Jon Campisi Aug. 8, 2013, 1:23pm


Philadelphia’s top prosecutor stands accused of copyright infringement in a civil action

filed late last month in federal court by a city-based photographer.

R. Bradley Maule, individually and on behalf of his company, PhillySkyline.com, filed suit July 31 against Philadelphia District Attorney Seth Williams over allegations that Williams used a copyrighted photo taken by the plaintiff as a backdrop on the defendant’s Twitter webpage.

Maule, who calls himself a “well-known and highly respected Philadelphia photographer” whose talents documenting the city’s neighborhoods, people, culture, and architecture, has made him a go-to source for a variety of Philadelphia media, claims that Williams unlawfully reproduced a photo of the Philly skyline that Maule took from a city high-rise in the spring of 2005.

The photo, which the plaintiff posted to his website, phillyskyline.com, days after the image was taken, was discovered in the background of the district attorney’s Twitter page in early April of this year, according to the complaint.

Later that month, Maule mentioned the unlawful reproduction of his panoramic photograph in an interview he gave to the local news and gossip website Philebrity.com, but nothing was done to address the situation on Williams’ end, the suit alleges.

The suit goes on to state that during Primary Election Day this past May, the plaintiff, while having lunch at a Philadelphia delicatessen with his lawyer, J. Conor Corcoran, ran into Williams, at which time Corcoran informed Williams that the defendant had been using Maule’s photo on the district attorney’s Twitter page.

Corcoran, the suit says, told Williams that he was unsure “who to ask to prosecute you for theft!,” according to the civil action.

Maule then explained to Williams, “in an absolutely friendly and respectful tone and manner,” that Williams had been using the plaintiff’s photo without permission.

Williams then allegedly flat-out denied using Maule’s photograph.

Corcoran phoned Williams at the D.A.’s Office late last month to remind him of the continued unauthorized use of his client’s photograph, after which Williams informed Corcoran that the image had been taken down from the Twitter page.

Days later, however, the photo was once again discovered to be on Williams’ Twitter page, the suit claims.

During another exchange between the two lawyers, Williams allegedly told Corcoran that any claim of copyright infringement in this regard was “silly [expletive],” the suit states, and the district attorney went on to suggest Maule might as well “go ahead and file this lawsuit for copyright infringement.”

The suit was eventually filed on July 31 at U.S. District Court.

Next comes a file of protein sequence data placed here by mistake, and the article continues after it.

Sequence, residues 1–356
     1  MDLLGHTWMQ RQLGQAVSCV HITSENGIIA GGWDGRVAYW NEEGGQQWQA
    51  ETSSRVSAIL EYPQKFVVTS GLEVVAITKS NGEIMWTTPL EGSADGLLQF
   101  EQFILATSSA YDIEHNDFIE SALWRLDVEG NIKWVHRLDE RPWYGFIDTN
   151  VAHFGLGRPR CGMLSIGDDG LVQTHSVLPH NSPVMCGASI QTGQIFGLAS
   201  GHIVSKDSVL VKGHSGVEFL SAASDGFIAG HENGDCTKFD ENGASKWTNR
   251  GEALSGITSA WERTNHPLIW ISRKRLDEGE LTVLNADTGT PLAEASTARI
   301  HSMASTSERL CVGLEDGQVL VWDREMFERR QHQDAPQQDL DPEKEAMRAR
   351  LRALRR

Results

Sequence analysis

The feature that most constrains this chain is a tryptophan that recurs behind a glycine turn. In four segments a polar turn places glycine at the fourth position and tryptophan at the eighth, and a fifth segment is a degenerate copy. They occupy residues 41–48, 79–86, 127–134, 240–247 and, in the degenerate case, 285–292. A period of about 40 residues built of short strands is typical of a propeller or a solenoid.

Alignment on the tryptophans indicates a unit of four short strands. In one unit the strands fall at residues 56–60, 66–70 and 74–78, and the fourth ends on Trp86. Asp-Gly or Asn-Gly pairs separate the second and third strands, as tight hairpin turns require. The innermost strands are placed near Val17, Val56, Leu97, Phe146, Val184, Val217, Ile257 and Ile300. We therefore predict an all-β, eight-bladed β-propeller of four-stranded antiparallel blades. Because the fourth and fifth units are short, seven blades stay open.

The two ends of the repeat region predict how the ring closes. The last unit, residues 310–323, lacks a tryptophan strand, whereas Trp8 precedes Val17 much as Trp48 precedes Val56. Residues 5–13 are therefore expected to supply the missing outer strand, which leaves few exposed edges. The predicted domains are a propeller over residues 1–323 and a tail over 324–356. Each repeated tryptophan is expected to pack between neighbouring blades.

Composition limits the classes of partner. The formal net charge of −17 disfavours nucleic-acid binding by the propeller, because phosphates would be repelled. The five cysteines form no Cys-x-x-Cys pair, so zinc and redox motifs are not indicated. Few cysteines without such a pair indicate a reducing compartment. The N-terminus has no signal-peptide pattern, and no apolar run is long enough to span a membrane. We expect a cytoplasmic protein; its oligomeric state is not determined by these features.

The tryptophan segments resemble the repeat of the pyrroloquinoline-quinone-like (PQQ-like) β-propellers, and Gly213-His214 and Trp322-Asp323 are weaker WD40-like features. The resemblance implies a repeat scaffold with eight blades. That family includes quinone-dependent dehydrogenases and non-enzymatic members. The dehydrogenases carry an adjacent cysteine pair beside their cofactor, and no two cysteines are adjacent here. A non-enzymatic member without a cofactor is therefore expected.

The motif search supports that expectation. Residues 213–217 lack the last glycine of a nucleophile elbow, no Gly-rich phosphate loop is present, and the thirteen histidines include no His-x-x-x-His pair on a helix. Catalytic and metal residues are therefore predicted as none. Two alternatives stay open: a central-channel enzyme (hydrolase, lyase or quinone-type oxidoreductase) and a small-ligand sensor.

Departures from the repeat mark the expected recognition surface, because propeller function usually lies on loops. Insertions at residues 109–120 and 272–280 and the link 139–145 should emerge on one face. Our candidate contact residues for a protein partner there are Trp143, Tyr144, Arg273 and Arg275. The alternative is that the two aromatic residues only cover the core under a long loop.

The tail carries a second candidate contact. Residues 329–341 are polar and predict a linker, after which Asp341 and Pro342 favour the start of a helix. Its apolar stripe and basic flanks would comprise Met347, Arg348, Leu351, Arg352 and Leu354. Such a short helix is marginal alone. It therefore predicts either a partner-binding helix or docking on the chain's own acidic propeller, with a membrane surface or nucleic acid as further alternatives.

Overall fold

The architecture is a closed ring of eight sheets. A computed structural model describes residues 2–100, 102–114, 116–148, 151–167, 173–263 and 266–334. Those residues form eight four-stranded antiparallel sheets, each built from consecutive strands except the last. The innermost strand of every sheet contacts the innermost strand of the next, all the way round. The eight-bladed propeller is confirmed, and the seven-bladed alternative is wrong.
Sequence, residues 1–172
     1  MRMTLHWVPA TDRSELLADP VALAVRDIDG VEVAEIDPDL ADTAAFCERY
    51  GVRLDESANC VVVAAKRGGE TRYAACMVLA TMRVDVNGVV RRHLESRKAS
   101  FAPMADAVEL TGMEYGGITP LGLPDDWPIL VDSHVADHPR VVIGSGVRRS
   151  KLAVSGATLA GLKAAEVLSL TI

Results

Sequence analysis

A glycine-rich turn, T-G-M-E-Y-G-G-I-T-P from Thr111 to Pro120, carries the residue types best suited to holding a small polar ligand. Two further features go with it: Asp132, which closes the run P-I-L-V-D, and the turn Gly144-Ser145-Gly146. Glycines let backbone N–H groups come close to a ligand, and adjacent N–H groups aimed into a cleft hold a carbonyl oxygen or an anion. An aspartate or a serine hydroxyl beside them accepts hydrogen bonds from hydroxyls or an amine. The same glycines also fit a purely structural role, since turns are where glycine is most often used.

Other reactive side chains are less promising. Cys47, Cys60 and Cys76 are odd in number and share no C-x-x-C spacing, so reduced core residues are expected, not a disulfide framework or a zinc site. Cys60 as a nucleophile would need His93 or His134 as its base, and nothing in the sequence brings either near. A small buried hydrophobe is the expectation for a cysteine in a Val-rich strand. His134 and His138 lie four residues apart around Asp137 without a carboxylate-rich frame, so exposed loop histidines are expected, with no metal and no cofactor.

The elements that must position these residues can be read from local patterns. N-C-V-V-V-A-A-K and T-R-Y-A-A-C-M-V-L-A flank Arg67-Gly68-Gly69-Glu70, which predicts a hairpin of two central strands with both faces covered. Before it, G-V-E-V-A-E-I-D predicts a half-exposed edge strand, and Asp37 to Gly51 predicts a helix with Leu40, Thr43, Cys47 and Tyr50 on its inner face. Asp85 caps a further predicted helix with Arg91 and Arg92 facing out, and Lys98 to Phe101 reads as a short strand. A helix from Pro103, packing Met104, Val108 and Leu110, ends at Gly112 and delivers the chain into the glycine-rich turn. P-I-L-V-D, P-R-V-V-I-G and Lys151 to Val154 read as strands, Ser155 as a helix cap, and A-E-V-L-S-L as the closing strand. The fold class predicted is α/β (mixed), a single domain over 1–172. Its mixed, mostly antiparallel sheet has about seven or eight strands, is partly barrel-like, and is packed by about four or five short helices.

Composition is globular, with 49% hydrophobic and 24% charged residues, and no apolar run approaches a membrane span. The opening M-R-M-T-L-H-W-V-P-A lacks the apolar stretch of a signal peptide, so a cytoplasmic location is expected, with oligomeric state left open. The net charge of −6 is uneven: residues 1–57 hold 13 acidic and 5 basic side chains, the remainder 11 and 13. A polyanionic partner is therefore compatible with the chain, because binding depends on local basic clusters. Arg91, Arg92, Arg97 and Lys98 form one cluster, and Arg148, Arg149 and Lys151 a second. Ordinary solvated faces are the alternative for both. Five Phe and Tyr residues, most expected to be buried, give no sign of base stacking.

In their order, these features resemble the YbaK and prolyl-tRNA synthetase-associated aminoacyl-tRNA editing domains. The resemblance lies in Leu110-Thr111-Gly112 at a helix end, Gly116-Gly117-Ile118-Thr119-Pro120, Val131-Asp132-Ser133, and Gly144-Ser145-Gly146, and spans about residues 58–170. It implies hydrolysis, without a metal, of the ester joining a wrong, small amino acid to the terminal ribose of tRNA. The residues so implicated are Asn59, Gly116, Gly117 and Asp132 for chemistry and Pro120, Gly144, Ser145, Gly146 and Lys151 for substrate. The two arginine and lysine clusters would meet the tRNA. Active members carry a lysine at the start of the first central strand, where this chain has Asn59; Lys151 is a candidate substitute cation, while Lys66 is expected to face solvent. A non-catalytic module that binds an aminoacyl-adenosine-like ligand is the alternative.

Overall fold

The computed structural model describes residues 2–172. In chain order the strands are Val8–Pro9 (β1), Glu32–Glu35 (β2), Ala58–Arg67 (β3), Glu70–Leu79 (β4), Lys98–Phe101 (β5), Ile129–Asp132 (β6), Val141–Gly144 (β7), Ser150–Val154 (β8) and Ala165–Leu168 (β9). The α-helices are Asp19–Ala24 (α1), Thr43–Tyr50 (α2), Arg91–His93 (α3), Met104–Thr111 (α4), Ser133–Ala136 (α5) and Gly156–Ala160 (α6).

“The Defendant intentionally stole the Plaintiff’s photo and/or intentionally maintained it on his Twitter webpage, as Defendant was notified of the theft on at least one occasion by the Plaintiff himself at Famous 4th Street [Deli], as aforementioned, and the Defendant nonetheless continued to use Plaintiff’s photograph without permission,” the lawsuit reads.

The suit then goes on to state that “at best, the District Attorney of Philadelphia has no idea how to use a computer, a smartphone, a Twitter account and/or a Twitter webpage.

“At worst,” the suit continues, “the Defendant lied and/or misrepresented to the Plaintiff, on no less than three separate occasions … that he either did not have Plaintiff’s picture on Defendant’s Twitter webpage, or that he removed the Plaintiff’s photograph from his Twitter webpage.”

Williams, Maule claims, has intentionally and unlawfully stolen and reproduced the plaintiff’s photograph, which infringes on Maule’s copyright and ability to recoup profits and/or publicity from the image.

Maule never gave Williams consent or permission to use the photo, the suit claims.

Attached to the complaint is a screen grab showing a shot of the district attorney’s Twitter page with the plaintiff’s photo in the background.

Visible on the photo are words “Visit philly skyline dot com.”

Reached by email, Tasha Jamerson, a spokeswoman for the district attorney, said Williams continues to maintain that the plaintiff’s photo and the image used on the D.A.’s Twitter account are two different pictures.

Nevertheless, she said, Williams removed the photograph that was on his Twitter page from the site last week after he was contacted by the plaintiff’s attorney.

She had no further comment.

The complaint contains both federal and state law claims of copyright infringement.

Maule seeks declaratory relief that the district attorney engaged in unlawful conduct as well as monetary damages in excess of $150,000 and attorney’s fees.

The federal case number is 2:13-cv-04428-TJS. 

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